Rewarding good behavior of prisoners is a benefit to society, Stanford expert says
Stanford law Professor A. Mitchell Polinsky found that rewarding good behavior of prisoners, with reduced sentences or parole, decreases costs for society without increasing crime.
Military historian to deliver the 2015 Tanner Lectures at Stanford
This year's Tanner Lectures on Human Values will be headlined by Andrew J. Bacevich, who will discuss the origins, conduct and consequences of U.S. military involvement in the Greater Middle East.
Stanford scholar suggests ways to craft more effective homework assignments
Stanford education expert Denise Pope says that the quality of a homework assignment can have a significant impact on student achievement and health.
Democracy still holds promise globally, though in retreat for now, Stanford expert says
Stanford scholar Larry Diamond says that it was probably inevitable that freedom and democracy would level off after roughly 30 years of nearly continuous expansion.
Distinctive contexts critical to how children learn words, Stanford study reveals
Stanford psychologist Michael Frank says that children learn words best when they are used in a context that's understandable. Using words in fun, coherent activities is more important than just talking more to children.
Legal, ethical response needed from US, Europe on Mideast refugee crisis, Stanford expert says
Stanford law Professor James Cavallaro said Europe should follow established international law on Middle East refugees and create new approaches that respond to the crisis in a humanitarian way.
Stanford scientists see how the brain makes environmental decisions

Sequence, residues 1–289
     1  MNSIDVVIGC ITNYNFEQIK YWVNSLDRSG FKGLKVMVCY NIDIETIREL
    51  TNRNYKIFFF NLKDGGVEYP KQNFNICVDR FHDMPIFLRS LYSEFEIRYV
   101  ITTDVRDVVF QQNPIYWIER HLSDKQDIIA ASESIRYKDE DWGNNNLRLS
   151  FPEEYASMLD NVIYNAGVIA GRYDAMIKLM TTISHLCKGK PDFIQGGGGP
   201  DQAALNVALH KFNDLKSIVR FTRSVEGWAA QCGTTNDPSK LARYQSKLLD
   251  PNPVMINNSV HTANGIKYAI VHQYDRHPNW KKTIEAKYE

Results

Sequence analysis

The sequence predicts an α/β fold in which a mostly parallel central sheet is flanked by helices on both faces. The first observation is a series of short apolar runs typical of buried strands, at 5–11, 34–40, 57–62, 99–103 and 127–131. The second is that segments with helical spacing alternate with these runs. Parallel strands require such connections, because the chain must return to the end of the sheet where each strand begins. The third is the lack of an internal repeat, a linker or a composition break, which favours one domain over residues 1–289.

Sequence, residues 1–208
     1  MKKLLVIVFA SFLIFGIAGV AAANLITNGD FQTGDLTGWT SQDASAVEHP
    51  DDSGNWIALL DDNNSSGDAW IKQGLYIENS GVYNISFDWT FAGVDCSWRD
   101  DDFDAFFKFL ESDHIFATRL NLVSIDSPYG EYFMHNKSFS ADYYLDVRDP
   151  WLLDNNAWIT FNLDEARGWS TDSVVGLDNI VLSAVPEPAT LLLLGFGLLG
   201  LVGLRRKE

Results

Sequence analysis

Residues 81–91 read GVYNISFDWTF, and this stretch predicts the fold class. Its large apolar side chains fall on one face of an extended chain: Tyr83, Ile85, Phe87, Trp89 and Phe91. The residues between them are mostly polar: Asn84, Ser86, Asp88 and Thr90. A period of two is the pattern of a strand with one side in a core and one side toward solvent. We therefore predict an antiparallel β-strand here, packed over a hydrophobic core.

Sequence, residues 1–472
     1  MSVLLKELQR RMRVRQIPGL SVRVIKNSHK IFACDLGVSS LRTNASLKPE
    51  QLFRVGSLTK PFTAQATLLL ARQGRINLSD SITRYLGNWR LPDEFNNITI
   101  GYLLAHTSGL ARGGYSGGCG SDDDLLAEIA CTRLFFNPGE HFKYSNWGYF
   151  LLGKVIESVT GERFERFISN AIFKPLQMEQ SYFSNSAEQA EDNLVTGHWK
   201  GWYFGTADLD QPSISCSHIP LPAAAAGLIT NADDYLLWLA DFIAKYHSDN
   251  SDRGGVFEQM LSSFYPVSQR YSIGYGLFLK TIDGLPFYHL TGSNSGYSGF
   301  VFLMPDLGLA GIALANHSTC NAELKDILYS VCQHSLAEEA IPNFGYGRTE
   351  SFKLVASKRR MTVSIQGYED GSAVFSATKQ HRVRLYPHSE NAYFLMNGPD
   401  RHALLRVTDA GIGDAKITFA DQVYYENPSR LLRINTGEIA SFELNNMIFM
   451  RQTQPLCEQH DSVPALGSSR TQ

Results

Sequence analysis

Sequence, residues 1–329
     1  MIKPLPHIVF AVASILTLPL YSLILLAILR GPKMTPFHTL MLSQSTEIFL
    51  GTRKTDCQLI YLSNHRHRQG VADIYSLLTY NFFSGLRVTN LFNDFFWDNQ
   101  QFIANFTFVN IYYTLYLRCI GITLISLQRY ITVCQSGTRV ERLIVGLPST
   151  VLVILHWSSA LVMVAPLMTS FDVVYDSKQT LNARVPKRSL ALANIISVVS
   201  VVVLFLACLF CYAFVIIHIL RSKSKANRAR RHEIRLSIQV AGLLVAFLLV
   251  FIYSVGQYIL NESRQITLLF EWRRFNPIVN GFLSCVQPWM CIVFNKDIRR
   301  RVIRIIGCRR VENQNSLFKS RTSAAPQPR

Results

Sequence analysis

Brain scans reveal that negative emotional responses can powerfully drive decisions to protect environmental resources.
Neighborhoods influence use of African American Vernacular English, Stanford research shows
Among African American youth, moving from a poor neighborhood to one with less poverty results in a lower use of African American Vernacular English, new Stanford research shows.
States and cities face scrutiny for optimistic investment assumptions as stock market dips, Stanford scholar says
Researcher David Crane says tax revenue is being diverted from services when pensions fall short of projections.
U.S. national security faces challenges from insider threats and organizational rigidity, Stanford scholar says
Amy Zegart says insider threats are rooted in organizational inflexibility. She examines lessons learned from 2009 Fort Hood terrorist attack.
A summer job makes a difference in classroom learning, Stanford scholar says
Stanford researcher Jacob Leos-Urbel found that summer jobs for young people have positive impacts on academic performance, especially for students who work jobs across multiple summers.
Stanford FEED Collaborative applies design thinking to food system
Sustainability promoted from local farms through distributors to consumers.
Stanford scholar finds social media reveals much about the human condition
Graduate School of Business' Michal Kosinski says our most intimate traits and core personality can be deciphered through our digital footprints. In fact, social media over the long run reveals information closer to our true selves than what we present in brief face-to-face interactions.
Cybersecurity boot camp draws congressional staffers to Stanford
A bipartisan group of Capitol Hill staffers were in Silicon Valley last week to gain an immersion into the complex world of cybersecurity. The range of experts they heard from included tech industry leaders, scholars representing a range of disciplines and former government officials.
A smile boosts the chances of getting a microloan, say Stanford psychologists
Applicants for microloans are more likely to win approval if the photograph they send along with the application evokes a positive emotional response.